Northern Lights Could Dip Down & Be Visible Across Canada Because Of A 'Rare Reversed Sunspot'
The aurora borealis could be seen as far south as Vancouver, Toronto, Montreal and some northern U.S. states!
It's expected that the northern lights will be visible across almost all of Canada because of a "rare reversed sunspot" that's causing geomagnetic storms.
That means the aurora borealis could dip south and be seen in cities including Vancouver, Toronto and Montreal over the next few days.
The Weather Network shared that a sunspot being called rare because of its reversed polarity has emitted a solar storm which is set to make the northern lights shine brighter and extend further south than usual.
Solar storms, which are also known as coronal mass ejections, are clouds of charged solar particles that can interact with Earth's magnetic field and cause geomagnetic storms.
With stronger geomagnetic storms, it's more likely for brighter displays of the northern lights to appear in the sky and stretch further south, The Weather Network said.
The National Oceanic and Atmospheric Administration's Space Weather Prediction Center has released an aurora forecast for the next few days.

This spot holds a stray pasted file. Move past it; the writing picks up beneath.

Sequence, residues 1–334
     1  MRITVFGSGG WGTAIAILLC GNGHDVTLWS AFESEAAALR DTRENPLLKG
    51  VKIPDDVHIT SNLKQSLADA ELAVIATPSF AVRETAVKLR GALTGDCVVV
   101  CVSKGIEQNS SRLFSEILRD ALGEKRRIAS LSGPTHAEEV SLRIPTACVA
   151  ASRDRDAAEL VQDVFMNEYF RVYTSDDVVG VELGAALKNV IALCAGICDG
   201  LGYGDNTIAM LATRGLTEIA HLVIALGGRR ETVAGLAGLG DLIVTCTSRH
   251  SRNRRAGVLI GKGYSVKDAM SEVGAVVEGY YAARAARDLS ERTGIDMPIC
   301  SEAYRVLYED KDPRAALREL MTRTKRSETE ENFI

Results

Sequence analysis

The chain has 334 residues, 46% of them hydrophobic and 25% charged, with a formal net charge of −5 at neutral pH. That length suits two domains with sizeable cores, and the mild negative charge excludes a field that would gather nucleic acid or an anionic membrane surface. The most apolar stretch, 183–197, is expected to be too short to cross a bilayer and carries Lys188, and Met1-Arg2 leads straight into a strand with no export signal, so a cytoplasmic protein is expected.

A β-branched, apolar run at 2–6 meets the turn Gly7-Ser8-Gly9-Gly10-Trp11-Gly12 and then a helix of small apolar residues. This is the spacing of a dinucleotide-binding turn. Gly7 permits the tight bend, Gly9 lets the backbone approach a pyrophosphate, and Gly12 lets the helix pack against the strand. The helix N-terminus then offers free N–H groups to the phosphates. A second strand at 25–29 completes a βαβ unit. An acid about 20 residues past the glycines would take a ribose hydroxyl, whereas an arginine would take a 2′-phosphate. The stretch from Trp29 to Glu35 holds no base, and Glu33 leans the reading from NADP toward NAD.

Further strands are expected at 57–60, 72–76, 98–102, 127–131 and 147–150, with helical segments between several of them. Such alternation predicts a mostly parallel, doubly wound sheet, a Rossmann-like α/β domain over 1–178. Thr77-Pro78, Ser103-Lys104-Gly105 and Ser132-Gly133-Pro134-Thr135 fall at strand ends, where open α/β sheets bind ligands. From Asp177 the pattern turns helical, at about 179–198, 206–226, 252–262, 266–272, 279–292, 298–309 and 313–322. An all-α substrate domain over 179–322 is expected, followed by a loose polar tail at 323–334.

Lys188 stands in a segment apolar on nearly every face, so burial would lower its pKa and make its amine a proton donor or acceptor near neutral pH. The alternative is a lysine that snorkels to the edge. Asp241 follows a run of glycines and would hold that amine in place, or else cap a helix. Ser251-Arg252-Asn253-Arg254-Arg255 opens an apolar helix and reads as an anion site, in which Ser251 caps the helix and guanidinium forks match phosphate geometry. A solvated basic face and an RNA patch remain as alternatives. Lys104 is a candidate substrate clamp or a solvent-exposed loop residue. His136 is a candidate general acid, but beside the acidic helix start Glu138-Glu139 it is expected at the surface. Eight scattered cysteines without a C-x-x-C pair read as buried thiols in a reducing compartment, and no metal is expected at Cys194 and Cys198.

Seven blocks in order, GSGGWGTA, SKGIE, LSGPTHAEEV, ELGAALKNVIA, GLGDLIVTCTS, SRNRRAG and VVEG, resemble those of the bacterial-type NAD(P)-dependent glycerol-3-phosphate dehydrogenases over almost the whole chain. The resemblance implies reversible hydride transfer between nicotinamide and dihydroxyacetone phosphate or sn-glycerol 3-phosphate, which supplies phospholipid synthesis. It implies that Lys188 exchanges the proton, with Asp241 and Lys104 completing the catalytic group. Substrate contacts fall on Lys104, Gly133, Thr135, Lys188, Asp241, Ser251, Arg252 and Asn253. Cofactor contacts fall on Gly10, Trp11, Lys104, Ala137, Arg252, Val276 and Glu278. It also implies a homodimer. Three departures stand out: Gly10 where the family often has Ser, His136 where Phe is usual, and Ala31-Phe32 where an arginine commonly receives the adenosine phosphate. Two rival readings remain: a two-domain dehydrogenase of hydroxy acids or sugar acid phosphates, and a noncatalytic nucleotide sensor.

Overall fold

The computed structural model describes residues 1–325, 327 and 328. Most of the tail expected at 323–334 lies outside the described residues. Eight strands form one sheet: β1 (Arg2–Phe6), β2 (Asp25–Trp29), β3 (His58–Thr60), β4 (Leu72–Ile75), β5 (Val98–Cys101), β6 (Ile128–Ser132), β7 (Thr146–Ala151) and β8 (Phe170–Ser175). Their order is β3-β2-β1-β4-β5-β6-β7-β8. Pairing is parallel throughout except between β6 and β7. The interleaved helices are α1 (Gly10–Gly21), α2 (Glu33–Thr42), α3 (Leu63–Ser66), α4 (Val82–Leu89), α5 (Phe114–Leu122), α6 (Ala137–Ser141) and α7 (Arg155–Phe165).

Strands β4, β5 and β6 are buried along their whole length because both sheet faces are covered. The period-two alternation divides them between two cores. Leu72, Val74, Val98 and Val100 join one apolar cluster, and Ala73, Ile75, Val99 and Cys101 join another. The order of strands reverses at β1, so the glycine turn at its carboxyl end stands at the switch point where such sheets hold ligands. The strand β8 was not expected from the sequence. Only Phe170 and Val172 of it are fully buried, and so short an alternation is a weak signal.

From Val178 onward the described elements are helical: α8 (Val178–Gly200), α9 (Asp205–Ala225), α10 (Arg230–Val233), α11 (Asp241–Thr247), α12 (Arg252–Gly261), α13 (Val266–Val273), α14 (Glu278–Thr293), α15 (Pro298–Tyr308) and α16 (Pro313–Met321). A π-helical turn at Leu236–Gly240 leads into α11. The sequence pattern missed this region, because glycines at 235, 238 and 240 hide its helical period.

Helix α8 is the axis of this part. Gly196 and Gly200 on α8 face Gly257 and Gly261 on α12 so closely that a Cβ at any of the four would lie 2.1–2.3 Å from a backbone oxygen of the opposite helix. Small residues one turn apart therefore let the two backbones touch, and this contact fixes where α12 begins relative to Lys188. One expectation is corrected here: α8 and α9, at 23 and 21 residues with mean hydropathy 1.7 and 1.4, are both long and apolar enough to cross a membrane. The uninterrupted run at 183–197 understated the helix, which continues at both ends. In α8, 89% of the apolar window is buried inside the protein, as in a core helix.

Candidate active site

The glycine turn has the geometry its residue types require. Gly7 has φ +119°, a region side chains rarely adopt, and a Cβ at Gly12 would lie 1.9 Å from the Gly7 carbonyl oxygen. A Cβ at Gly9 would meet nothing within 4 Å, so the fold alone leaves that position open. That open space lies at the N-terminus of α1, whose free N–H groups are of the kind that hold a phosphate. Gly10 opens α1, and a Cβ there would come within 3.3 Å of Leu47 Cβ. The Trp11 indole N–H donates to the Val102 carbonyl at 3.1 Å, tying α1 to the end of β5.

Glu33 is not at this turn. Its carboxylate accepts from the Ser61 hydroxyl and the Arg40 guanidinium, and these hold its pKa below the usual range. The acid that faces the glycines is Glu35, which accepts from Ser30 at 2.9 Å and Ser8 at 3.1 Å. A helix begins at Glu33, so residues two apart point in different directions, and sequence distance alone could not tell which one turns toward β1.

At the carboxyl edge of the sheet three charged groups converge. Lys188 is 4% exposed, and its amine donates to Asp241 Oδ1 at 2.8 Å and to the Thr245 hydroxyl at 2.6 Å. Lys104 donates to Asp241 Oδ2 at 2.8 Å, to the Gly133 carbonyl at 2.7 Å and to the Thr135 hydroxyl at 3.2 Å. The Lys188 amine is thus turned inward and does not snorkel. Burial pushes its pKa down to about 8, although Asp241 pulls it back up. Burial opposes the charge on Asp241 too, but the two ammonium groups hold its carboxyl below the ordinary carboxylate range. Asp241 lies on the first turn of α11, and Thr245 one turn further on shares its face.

It's expected that a G3 geomagnetic storm — which is classified as "strong" — will occur on Thursday, May 11.
Both G2 and G1 geomagnetic storms — "moderate" to "minor," respectively — will happen on Friday, May 12.
Then, unsettled to active levels are expected Saturday, May 13 as the influences of the coronal mass ejection ease.
The Space Weather Prediction Center also shared that there is a high likelihood of the northern lights being visible across most of B.C., Alberta, Saskatchewan, Manitoba, northern Ontario and northern Quebec.
There is a lower likelihood in southern B.C., southern Ontario, southern Quebec and the Maritimes but that doesn't mean the aurora won't show up in the sky.
The view line, which is the southern extent of where the aurora borealis might be seen on the northern horizon, stretches south to include Vancouver, Toronto, Montreal and even some northern U.S. states, according to the Space Weather Prediction Center.
The best time to see northern lights in Canada is from December to March because there are more hours of darkness at night but that doesn't mean the aurora doesn't dance in the sky during the rest of the year.
So, if you're going to try and spot the northern lights over the next few days, the Canadian Space Agency has aurora viewing tips that can help you.
You should start by choosing a location that's away from city lights so that even low-intensity auroras can still be seen.
Then, you should look up in all directions, not just to the north, because the northern lights could actually appear anywhere in the sky.
Also, you don't even need any special equipment like telescopes or binoculars to see the aurora.
According to the Canadian Space Agency, the northern lights usually start to be visible a few hours after sunset and get more intense around midnight.
This article's cover image was used for illustrative purposes only.